But anyhow, so this particular evening we just talked, I forgot small talk, and then the room began to fill up. And ah, first arrivals were two rather elderly Vietnamese, as we were able to identify in those days as Mandarin types, the kind of traditional costumes, the hands up their sleeves, the lacquered hats, and so forth. And I was introduced to them and ah, then pretty soon others arrived.
Much to my astonishment began people showing up in uniform. Pretty soon Marshal Leclerc himself arrived with his chief of staff and one other aid, and then the Chinese arrived. I often forget that there were two Chinese generalissimos at that time, General Chaing Kai Shek to be sure, and the other Lu Han in the south of China. Lu Han, this was still 17th parallel period when after Yalta, Vietnam had been divided and the Chinese were nominally, or more than nominally but were the occupiers of the northern half. So he was there and that began.
Well this was designed to be a, what I've called elsewhere as a "bury the hatchet" type dinner. But I had no formal invitation to this. Ho just simply said, "we assume you'll join us at the table." I'd been a general's aid in the United States before, and I know quite a lot, a fair amount of protocol in military circles, and clearly this was an unusual arrangement.
And I thought perhaps, oh, we'd just been carried away by good feelings, or something, and didn't really expect me to sit at the table. 'Cause I could see the dining room through open doors and there were place cards all around, and these very senior officers, at least two field marshals – Leclerc and Lu Han – and their several staffs were seating themselves in various places. The British were there too.
And anyhow, I looked, I made myself the last one to go in so that if there was not any seat left, I could back pedal out backwards. But to my astonishment, and even horror, the seat on Ho's right was the only one empty. So I groaned inwardly but strode up and took a look at it and sure enough it said Commander White.
I sat down, or we were standing behind our seats, and the general discussion before everybody sits down, you know how that goes, so I said, "Mr. President, I think that some of your guests might find the protocol seating arrangement not quite as they usually organize these things." In short, what's a major doing sitting on your right when you have these very senior people?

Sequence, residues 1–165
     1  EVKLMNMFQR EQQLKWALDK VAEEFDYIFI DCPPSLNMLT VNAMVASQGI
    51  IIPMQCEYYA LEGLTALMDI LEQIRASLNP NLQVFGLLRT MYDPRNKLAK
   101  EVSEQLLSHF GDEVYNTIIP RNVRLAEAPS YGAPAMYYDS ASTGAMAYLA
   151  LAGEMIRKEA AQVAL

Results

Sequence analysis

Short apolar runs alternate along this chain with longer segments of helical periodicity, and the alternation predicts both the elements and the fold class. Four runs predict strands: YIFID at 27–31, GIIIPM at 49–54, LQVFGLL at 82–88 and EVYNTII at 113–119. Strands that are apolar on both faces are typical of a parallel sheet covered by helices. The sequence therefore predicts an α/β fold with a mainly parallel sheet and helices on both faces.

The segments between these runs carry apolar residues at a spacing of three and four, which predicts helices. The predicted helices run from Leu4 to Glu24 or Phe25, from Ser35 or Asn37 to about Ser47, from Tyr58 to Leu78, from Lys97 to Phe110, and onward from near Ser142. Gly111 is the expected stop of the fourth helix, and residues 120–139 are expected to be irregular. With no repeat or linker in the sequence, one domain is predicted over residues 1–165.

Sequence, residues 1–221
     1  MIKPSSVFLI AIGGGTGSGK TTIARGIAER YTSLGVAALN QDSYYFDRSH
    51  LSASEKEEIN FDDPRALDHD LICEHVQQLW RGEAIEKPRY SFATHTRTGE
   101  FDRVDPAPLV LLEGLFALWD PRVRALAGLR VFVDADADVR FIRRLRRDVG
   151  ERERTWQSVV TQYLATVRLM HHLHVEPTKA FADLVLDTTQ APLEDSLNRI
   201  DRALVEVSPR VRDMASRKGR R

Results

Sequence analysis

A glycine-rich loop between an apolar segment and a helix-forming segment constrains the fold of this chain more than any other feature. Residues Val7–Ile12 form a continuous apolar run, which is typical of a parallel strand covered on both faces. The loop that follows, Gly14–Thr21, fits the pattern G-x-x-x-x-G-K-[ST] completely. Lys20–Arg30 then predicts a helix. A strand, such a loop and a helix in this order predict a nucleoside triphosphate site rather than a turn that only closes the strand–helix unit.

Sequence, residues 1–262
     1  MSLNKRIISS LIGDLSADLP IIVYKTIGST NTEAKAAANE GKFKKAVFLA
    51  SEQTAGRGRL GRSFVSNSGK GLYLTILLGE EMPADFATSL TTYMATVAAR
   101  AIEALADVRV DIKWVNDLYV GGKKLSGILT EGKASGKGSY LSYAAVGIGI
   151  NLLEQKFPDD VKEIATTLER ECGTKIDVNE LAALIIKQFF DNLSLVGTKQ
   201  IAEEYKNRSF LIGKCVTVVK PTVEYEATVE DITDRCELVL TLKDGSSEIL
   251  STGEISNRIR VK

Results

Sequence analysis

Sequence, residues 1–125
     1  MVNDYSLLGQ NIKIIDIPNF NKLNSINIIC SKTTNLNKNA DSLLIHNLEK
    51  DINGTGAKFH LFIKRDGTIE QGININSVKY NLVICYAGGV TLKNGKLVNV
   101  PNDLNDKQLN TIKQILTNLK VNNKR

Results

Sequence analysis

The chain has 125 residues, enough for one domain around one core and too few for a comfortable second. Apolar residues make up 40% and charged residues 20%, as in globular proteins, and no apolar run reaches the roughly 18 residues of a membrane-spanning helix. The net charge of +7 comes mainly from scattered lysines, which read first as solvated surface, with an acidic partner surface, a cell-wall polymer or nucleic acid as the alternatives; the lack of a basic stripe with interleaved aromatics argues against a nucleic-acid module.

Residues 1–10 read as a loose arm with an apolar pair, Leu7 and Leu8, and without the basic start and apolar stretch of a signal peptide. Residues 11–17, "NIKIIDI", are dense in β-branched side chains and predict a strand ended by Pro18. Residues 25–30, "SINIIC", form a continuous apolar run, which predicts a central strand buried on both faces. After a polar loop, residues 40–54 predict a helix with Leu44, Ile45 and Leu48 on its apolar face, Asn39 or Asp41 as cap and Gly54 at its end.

Anyhow whether this was part of the famous Ho dissimulation or not, he looked up at me and gave me a kind of a waggy smile and said in English ('cause he did speak English if he wanted to organize a sentence, he could speak a sentence of English without any trouble.) And he said, "I didn't think I could talk to anybody else."
What he meant by this cryptic phrase I don't know, but clearly ah, he was more comfortable politically than he was with the French and clearly more so than the Chinese, who were busy looting Hanoi at the time in a most outrageous fashion. And clearly, well I suppose even so more at home, or less not at home with me than even the British. Anyhow that was the way that happened. It was a very difficult dinner, I can tell you that. And ah...
That's good. That's fantastic.

Ho Chi Minh reaches out for American aid

Take 7
We discussed, Ho discussed with me at considerable length, his first real interest was the priorities and the needs of his country. And ah, he was a different kind of chief of state than I had met, although a very tenuous one at the time and, but, ah, he asked me very early in our conversations how much of the countryside of Vietnam had I seen. And had I had a chance to travel here and there mentioning various places, particularly in the north. And I hadn't.
I had been to see, as far as Haiphong to see the French battleship Richelieu arrive and ah, battle cruiser, and a contingent of French troops. They were given a very noisy and hostile welcome, as we know. But anyhow, they'd arrived in Hanoi, but I went by car down to watch that arrival.
And ah, other than that, really, I'd spent very little time in the Tonkinese countryside, or any part of Vietnam as far as that's concerned. I'd gone to various capitals. I'd been to Cambodia and elsewhere, but, Laos, but anyhow, I was not able to say yes. I had to say no, I haven't seen very much.
And he said, "Well, had you been able to, you would have noticed right away that this is primarily an agricultural country blessed by very few of any other resources. The agriculture of our country," he gave me quite a lesson about all this, "is based on an intricate system of dikes on the Red River. And those dikes are largely, because of our struggles against the Japanese and other invaders, have either been allowed to go to ruin because of lack of care, or in many cases have been deliberately blown up as acts of war."
And he said, "Our first priority is to get this agricultural system reorganized." And he said rhetorically, "Where do you suppose I can get large agricultural economic help?"
Answering his own question he said that he would think that I, as a Marxist and Communist, he made no attempt to to hide this at all in the times I talked to him, although he didn't lean down on it very heavily either. But he said as a Marxist and Communist one would think I'd go in the first instance to the Soviet Union.